The notched lapel dinner jacket gets a lot of hate from clothing aficionados, however Bond has worn a notched lapel dinner jacket on a number of occasions. In all Bond has worn seven dinner jackets with notched lapels. People who argue against notched lapels on a dinner jacket say that they are not formal enough for a dinner jacket or they make a dinner suit look too much like a business suit. Notched lapels are easier to make in mass production since they use the same pattern as a regular suit. Peaked lapels are the most formal style of lapels on a dinner jacket and come from the evening tailcoat. A bit lower in formality is the shawl collar, originating from the smoking jacket. The notched lapel is even lower in formality, and since people mostly wear dinner jackets in formal settings the notched lapel is out of place.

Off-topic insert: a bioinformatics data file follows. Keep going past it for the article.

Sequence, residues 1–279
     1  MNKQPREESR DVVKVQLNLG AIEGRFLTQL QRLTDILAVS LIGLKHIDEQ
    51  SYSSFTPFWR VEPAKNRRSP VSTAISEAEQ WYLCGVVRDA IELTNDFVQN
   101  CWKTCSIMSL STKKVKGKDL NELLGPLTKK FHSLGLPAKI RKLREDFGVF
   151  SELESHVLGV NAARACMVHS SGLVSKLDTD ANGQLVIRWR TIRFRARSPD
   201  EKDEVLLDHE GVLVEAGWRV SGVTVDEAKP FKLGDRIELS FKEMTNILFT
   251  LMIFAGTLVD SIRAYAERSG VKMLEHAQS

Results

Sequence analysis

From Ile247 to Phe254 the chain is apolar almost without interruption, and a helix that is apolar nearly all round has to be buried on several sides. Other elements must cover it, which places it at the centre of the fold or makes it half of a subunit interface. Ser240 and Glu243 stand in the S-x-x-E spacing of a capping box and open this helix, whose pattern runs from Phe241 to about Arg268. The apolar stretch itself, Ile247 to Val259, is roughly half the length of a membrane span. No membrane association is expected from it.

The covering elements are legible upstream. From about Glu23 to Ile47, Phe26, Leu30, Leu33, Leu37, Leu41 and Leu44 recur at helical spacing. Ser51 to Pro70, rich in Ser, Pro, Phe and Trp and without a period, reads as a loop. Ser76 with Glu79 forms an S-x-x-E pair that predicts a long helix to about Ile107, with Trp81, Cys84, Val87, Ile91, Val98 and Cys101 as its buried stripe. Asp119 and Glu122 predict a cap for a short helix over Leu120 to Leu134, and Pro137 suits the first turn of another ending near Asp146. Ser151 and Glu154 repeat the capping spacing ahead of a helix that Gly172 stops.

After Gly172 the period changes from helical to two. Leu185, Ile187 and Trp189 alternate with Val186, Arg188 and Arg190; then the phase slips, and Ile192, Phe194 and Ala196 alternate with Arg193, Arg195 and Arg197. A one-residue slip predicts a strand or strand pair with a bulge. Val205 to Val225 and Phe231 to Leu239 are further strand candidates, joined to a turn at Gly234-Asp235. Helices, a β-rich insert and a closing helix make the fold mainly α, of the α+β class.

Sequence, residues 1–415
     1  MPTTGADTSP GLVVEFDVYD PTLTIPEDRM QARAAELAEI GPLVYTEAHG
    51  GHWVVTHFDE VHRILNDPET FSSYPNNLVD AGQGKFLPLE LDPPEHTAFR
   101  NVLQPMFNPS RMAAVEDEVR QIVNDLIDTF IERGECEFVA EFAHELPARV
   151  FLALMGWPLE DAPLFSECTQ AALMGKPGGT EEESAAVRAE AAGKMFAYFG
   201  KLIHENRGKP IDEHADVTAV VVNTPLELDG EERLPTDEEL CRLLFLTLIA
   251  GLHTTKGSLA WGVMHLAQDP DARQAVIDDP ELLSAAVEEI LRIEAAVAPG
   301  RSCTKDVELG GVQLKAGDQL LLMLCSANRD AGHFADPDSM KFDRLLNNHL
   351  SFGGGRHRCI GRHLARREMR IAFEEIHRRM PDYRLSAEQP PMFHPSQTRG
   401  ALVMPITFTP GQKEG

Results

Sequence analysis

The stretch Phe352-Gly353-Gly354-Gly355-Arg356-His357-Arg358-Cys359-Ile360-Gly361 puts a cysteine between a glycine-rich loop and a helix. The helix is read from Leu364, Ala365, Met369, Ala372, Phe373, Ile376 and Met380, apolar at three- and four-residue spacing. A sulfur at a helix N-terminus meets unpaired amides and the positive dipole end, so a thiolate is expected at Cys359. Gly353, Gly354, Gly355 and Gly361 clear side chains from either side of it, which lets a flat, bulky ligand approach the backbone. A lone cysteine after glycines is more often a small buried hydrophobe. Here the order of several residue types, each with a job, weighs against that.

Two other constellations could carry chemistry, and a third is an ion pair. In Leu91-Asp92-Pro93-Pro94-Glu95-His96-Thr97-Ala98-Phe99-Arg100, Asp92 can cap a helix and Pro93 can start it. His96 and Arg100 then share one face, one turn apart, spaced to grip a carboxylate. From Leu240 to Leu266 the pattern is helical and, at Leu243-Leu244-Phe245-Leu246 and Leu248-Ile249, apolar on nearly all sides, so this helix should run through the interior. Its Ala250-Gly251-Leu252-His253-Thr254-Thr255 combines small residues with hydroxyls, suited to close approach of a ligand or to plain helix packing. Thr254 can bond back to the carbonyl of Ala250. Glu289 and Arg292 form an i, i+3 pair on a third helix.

James Bond is first seen wearing a black notched lapel dinner jacket in Goldfinger when he is having dinner with M and Colonel Smithers. The notched lapels are more appropriate here because it’s a private dinner, however Bond’s company is better dressed in shawl collar dinner jackets. Not much of Bond’s dinner jacket can be seen, but since it is single-breasted it can safely be assumed that it has a one-button front. The cuffs have four satin-covered buttons. Nothing below the waist can be seen.
The shirt and tie are the same as worn with the white dinner jacket at the beginning of the film. It is made in a fancy white-on-white satin stripe with a pleated front, mother-of-pearl buttons down the placket and mitred double cuffs. The bow tie is black satin, and it is not a perfect match with the silk on the lapels. And for the last time until GoldenEye 31 years later, Bond wears a pocket handkerchief with his dinner suit. Here it is a folded white linen square.